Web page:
Giving directions in the desert often involves instructing the traveler to turn right or left at a given marker—-a small grouping of palm trees, a statue of a chicken, a pile of rocks. If you’re heading east on the 29 Palms Highway, just past the town of Joshua Tree, you’ll find Able 2 Help Bail Bonds on your right. It’s unclear at first glance whether it’s an operating business or an abandoned one. Such an unknown is not uncommon out here, where businesses, buildings, and homes seem to float in such a liminal space of existence. Often, those that look abandoned aren’t and those that look relatively well kept haven’t seen visitors in years. Able 2 Help Bail Bonds, though, is indeed in operation.
To visit the High Desert Test Sites artworks here, turn right onto the dirt road just before Able 2 Help Bail Bonds, and then immediately left towards a dead end. At the dead end, visitors can explore the artworks among the rocks. Two of these artworks are more readily visible, while the third has rusted into a color much like the rocks around it.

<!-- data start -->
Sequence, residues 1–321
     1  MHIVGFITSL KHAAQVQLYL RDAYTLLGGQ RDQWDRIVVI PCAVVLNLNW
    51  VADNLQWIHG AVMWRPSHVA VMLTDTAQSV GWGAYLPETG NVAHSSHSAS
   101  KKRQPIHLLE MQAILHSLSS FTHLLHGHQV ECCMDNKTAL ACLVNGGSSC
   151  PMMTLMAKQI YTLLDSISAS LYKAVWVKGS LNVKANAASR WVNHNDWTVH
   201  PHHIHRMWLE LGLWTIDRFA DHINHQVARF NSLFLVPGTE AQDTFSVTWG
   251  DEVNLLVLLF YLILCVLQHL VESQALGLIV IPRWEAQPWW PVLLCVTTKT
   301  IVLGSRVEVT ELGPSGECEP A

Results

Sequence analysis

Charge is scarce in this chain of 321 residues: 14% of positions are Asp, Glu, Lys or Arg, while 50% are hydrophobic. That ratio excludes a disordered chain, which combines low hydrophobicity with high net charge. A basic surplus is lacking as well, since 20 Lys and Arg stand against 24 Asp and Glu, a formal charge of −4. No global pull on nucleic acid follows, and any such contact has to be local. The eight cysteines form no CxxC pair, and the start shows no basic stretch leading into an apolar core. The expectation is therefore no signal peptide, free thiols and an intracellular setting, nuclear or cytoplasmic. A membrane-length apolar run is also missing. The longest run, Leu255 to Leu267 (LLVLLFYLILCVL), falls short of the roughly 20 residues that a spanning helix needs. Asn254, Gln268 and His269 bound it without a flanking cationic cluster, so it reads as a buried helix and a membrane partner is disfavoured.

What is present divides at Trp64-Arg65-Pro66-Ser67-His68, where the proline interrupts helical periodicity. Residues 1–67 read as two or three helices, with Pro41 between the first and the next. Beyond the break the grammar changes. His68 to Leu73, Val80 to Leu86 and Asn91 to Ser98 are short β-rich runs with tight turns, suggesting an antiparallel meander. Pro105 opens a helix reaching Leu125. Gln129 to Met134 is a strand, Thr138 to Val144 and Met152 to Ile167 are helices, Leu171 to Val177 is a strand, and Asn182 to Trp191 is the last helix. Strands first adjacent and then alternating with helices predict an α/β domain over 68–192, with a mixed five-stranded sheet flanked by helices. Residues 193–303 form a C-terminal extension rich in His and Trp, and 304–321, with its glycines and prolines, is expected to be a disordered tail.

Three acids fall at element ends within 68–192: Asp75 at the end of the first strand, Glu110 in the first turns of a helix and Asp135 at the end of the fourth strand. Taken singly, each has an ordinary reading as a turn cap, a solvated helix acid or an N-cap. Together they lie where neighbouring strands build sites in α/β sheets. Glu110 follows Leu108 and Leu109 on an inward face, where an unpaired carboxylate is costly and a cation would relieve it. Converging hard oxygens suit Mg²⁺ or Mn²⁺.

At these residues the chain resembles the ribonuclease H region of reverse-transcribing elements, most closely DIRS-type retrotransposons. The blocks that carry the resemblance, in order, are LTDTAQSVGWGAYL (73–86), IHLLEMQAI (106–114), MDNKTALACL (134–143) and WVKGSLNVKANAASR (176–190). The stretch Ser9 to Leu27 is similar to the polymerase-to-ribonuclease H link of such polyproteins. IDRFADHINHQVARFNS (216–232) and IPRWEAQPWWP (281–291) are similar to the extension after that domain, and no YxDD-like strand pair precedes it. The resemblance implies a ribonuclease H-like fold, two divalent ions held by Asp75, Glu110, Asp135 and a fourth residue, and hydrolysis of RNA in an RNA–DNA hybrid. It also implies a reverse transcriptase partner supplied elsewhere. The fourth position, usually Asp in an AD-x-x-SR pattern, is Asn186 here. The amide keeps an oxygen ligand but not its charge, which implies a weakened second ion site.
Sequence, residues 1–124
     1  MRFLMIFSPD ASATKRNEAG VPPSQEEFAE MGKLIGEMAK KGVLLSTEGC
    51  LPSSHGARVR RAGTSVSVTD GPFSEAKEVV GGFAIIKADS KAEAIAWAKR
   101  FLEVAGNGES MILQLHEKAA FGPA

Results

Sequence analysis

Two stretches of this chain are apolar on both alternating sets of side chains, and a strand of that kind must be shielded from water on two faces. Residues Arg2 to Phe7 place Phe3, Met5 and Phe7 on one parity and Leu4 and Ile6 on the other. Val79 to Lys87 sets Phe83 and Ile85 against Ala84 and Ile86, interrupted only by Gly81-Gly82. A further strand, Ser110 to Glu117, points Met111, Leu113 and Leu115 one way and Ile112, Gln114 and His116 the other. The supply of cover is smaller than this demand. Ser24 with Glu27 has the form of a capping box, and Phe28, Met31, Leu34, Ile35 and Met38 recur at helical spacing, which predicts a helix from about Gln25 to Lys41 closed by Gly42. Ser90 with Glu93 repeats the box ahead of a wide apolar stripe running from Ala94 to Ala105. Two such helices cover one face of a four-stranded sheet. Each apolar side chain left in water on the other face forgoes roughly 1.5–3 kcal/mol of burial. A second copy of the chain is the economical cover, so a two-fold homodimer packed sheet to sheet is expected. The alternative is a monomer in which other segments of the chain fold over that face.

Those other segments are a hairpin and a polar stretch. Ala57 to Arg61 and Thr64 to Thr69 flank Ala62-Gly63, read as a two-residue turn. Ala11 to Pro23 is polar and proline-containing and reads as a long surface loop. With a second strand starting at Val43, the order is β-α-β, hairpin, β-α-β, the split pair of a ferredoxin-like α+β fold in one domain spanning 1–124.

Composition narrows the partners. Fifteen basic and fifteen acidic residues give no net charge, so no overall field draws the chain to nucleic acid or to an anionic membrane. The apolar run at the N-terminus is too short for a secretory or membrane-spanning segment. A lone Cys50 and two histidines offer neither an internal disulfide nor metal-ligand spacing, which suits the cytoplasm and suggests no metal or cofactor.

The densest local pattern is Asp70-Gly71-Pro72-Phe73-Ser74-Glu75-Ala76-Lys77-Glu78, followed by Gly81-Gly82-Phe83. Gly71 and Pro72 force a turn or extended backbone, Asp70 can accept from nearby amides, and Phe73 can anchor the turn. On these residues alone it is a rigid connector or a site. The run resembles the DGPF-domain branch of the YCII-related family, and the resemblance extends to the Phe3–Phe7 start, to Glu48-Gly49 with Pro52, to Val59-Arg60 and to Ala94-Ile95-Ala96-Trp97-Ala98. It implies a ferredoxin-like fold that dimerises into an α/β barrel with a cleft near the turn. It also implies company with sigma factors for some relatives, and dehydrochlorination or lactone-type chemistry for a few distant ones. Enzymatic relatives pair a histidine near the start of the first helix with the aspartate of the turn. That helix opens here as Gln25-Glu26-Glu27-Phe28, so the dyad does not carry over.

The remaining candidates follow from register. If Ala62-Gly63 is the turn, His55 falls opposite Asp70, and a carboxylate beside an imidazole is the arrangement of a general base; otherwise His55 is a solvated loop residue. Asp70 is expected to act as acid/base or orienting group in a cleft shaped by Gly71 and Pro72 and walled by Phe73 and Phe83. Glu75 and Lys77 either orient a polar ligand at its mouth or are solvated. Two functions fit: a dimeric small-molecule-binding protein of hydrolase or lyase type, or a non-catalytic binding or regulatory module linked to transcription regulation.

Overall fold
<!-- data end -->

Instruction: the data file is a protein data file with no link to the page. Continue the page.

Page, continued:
The first visible artwork is Julia Scher’s Surveillant Architectures. Three white signs read initially as warnings against trespassing, and subsequently denounce their authenticity. One reads, “Contamination Field High Energy Microwave Field No Tresspassing Strictly Enforced” in large text, followed by “Security By Julia” in small text.
The second visible artwork is Sarah Vanderlip’s CA Truck Heads. Two aluminum truck heads welded together sit struck between the boulders. The aluminum truck heads reflect blurry, imprecise images of the surrounding landscape and your body as it interrupts it. As the sky changes, so does the artwork.
The third less visible artwork is a metal mesh structure built between two days in April 2011 by Nathan Lieb. Nathan spent eight hours each day building the structure around his person, caught between the crevasses of two boulders. The shell remains around the ghost of his performance, Morongo.
To learn more about the artworks on this parcel, visit http://www.highdeserttestsites.com/sites/behind-bail-bonds